Wild Garlic festival lunch at the Parkers Arms, Newton-in-Bowland



Here in Lancashire, we are at the height of the wild garlic season.  The leaves are out in profusion, but the flowers have, for the most part, yet to come out, which always seems to mark the time at which the leaves start to become a bit too powerfully flavoured.

On 13th April 2011, the Parkers Arms at Newton in Bowland held a mini wild garlic festival. After a demonstration on dealing with wild garlic (which we didn't attend, but it sounded well received), chef Stosie Madie prepared a four-course lunch for us, featuring wild garlic at all stages.  

We started with some little puff pastry, almost croissant-like wild garlic and Singleton's Lancashire cheese canapés: these had just the right amount of leaves: you could taste it, but it didn't dominate though I thought a bit longer in the oven wouldn't have done the pastry any harm.

wild garlic puff pastry canapes

Next was a savoury custard tart: the custard was quite delicately flavoured with wild garlic, while the quenelle of wild garlic chantilly cream on top was heading towards sock-blowing-off territory.  The pastry was lovely and short and buttery, but the custard had developed a bit of a skin that I found a little off-putting, though I have no complaints about the custard itself.  Also the tart was served cold (not fridge-cold thankfully, but not warm).  I think it would have been better warm, though then they wouldn't have been able to serve the chantilly, as that would have melted away.  This was by the far the richest of the four courses, and the one with the most pungent wild garlic flavour, thanks mainly to the powerful chantilly.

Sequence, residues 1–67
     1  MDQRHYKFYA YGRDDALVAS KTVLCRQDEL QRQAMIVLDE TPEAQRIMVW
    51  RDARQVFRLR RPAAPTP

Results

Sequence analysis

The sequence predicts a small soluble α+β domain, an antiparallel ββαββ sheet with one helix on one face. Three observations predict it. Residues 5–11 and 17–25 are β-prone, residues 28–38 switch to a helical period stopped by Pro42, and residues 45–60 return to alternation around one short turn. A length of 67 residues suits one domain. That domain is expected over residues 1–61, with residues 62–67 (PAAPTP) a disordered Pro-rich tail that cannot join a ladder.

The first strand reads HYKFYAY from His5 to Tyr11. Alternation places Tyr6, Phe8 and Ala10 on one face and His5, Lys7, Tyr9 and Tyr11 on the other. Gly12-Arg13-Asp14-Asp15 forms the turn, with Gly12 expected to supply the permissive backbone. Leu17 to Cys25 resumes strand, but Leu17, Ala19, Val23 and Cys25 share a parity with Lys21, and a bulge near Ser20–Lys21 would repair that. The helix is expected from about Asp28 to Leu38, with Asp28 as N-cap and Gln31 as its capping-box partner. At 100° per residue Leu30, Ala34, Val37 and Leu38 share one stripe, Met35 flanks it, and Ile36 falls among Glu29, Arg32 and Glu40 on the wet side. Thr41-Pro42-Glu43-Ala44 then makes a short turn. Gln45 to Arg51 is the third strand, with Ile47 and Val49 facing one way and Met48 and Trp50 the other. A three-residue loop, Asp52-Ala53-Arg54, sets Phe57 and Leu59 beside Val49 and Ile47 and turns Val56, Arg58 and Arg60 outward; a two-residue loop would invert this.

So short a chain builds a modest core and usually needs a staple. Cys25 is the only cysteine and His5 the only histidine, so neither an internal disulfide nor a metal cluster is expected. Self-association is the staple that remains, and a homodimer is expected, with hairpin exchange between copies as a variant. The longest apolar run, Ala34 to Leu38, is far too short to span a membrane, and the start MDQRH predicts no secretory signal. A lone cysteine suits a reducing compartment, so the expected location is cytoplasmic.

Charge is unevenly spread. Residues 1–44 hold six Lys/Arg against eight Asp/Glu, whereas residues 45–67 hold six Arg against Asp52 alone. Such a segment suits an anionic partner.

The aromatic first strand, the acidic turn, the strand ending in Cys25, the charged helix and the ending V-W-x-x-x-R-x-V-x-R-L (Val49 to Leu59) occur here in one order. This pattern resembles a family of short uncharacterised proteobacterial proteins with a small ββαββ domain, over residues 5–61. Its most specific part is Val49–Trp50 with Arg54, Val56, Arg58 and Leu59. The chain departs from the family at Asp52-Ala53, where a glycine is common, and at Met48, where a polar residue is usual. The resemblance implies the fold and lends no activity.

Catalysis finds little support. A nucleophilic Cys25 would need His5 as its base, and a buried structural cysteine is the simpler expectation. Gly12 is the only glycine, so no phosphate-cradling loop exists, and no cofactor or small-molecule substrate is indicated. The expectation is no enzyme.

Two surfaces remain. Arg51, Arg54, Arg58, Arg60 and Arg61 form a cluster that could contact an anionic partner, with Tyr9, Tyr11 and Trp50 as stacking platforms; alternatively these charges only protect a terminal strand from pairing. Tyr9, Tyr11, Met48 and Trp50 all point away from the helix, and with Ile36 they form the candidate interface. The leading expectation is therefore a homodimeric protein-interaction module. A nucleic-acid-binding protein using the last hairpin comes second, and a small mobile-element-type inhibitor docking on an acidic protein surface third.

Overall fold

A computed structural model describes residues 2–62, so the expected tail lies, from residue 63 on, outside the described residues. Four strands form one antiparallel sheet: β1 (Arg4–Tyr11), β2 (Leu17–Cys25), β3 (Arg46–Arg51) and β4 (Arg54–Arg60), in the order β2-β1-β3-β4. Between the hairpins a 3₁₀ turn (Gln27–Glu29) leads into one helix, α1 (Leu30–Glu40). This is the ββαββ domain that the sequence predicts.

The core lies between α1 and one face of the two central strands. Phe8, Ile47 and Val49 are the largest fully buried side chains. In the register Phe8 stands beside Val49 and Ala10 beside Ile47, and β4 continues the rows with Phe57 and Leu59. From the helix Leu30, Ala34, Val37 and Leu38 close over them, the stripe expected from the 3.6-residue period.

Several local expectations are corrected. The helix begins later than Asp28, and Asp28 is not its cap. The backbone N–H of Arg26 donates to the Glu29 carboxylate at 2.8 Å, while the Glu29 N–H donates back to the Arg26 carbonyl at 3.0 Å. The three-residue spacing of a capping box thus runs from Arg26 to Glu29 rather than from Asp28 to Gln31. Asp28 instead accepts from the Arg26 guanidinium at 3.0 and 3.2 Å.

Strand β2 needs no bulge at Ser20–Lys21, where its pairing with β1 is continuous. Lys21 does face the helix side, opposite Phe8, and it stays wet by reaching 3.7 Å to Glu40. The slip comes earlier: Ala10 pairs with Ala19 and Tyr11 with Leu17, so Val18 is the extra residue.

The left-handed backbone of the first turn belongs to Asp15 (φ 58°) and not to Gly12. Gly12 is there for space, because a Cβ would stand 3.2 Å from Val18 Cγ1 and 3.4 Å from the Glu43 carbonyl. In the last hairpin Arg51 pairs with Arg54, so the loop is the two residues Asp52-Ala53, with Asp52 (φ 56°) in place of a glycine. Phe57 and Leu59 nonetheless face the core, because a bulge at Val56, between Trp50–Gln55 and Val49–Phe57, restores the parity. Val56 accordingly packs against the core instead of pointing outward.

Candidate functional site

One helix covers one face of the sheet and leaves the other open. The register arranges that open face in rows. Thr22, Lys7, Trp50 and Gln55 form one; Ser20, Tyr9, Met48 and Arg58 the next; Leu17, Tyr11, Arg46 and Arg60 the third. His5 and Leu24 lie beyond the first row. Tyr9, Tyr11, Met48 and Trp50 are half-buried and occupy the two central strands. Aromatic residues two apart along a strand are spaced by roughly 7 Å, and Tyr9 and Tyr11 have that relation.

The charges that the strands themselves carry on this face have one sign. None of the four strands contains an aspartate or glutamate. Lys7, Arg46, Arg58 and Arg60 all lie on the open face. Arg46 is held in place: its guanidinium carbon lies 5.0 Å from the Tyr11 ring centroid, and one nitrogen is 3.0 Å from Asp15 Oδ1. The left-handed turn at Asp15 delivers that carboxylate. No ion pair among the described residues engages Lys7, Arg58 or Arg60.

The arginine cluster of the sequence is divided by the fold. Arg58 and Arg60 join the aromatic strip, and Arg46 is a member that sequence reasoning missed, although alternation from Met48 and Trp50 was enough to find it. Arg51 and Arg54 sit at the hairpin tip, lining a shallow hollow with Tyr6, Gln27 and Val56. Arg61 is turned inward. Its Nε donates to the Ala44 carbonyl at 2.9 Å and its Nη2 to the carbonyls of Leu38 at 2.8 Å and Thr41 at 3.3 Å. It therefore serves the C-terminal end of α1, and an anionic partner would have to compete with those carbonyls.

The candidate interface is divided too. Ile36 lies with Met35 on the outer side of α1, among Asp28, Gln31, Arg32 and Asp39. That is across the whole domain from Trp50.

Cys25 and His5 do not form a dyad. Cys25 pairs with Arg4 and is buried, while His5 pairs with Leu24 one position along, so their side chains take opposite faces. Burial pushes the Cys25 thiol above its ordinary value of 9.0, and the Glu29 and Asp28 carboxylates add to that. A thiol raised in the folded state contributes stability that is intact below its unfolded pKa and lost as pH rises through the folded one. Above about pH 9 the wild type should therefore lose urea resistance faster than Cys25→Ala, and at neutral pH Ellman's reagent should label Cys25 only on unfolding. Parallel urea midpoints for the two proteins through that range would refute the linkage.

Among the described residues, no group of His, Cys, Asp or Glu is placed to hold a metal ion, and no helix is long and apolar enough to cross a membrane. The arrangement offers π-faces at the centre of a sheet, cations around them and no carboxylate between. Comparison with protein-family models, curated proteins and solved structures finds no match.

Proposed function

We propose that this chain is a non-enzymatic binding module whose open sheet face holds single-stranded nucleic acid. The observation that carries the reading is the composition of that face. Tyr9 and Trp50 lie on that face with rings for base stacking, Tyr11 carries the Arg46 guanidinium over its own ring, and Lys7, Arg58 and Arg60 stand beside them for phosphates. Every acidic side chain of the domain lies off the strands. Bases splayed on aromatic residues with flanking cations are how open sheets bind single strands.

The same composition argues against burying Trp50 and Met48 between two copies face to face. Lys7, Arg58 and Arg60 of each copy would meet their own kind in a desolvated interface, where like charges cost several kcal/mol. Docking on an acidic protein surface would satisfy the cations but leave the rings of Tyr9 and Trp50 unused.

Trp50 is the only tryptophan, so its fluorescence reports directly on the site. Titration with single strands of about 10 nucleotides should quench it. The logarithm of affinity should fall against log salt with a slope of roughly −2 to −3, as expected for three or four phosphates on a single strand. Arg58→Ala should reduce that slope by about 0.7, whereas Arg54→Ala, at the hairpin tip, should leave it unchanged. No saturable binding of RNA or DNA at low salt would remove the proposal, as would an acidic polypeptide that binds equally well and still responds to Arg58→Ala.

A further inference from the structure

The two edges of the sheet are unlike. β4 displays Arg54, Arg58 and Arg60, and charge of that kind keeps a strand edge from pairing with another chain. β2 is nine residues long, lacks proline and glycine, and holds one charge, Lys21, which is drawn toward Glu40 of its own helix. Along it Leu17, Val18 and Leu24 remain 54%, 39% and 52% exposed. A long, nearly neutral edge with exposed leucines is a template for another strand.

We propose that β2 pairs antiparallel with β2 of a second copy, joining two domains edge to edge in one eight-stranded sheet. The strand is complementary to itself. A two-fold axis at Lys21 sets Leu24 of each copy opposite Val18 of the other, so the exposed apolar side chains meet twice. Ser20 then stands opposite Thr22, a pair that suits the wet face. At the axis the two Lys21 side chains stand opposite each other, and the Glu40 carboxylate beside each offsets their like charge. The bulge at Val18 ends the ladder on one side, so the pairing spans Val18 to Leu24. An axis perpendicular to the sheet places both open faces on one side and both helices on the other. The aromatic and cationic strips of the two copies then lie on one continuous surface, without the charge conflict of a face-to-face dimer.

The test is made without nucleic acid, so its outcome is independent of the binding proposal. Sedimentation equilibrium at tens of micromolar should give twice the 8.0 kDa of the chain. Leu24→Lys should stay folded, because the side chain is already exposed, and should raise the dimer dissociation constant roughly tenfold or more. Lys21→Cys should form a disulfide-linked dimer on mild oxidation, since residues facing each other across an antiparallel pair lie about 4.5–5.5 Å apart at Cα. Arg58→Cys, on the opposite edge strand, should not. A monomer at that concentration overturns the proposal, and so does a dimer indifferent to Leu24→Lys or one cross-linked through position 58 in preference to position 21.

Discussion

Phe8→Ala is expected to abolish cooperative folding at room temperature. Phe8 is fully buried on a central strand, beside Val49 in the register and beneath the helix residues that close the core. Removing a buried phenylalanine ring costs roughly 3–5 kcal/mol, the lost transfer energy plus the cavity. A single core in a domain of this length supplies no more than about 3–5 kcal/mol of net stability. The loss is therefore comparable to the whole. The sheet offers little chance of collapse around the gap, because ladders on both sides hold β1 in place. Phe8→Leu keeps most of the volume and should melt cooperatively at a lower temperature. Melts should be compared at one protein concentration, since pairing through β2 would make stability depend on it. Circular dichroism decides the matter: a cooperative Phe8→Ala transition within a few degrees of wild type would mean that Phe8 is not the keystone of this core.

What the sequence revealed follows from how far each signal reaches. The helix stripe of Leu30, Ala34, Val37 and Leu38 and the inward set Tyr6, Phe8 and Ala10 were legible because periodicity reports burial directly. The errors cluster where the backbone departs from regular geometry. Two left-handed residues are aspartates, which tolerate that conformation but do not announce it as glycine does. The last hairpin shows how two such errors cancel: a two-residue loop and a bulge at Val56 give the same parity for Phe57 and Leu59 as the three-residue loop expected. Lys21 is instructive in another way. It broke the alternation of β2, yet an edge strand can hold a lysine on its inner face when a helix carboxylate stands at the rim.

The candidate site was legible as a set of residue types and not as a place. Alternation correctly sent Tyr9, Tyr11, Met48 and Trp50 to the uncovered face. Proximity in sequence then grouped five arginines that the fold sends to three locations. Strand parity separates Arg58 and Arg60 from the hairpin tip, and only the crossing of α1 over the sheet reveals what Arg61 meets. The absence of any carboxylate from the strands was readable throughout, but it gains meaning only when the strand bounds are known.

If I saw this on the menu served warm, maybe topped with a poached egg (hen's or quail's) and some wild garlic hollandaise, I'd rush to order it.  

wild garlic custard tart
Come to think of it, this would also be a good way of using up woodier asparagus.

Our main course was a wild garlic risotto with bacon, smoked trout and fresh trout.  This was an absolute revelation.  The risotto itself was properly done, with the inherent sweetness of the wild garlic coming through, balanced by the crispy bacon.  The combination of that with the two trouts was something I've never thought of, but really is something that everybody should try at least once.  Unfortunately, the trout crackling shown in the photograph was missing from our plates, though I tasted it separately later.  Jolly good crackling, but I don't think we missed it.

wild garlic risotto with trout

One of the drawbacks of menus which focus closely on a single ingredient is that they usually fall down a bit at dessert stage, though fortunately wild garlic has an inherent sweetness as well as being somewhat herb-like.  So it's not a huge leap to replace, say the thyme in a thyme and lemon sorbet with wild garlic.  The sorbet was the one item on the menu where the wild garlic was a little reticent, though the sweet tempura flower buds restored the balance: I've made fritters of the open flowers before now, but not the buds: it worked well.  We both agreed that it was a very good sorbet before clutching our heads as  we were hit with what I see from wikipedia is called sphenopalatine ganglioneuralgia (or more commonly, brain freeze) as the sorbet froze onto the roofs of our mouths sending out pain signals to the brain! It was quite funny how it hit us both at pretty much the same time!  Nothing to do with the restaurant of course.  The combination of the sorbet and the tempura flower buds worked well.

Lemon and wild garlic sorbet with sweet tempura of wild garlic buds

This was a very good meal, nicely balanced between the richer elements, the milder and the more pungent elements with an overall feel of lightness and freshness.

Fortunately coffee was not flavoured with wild garlic!

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Last updated: 14 April 2011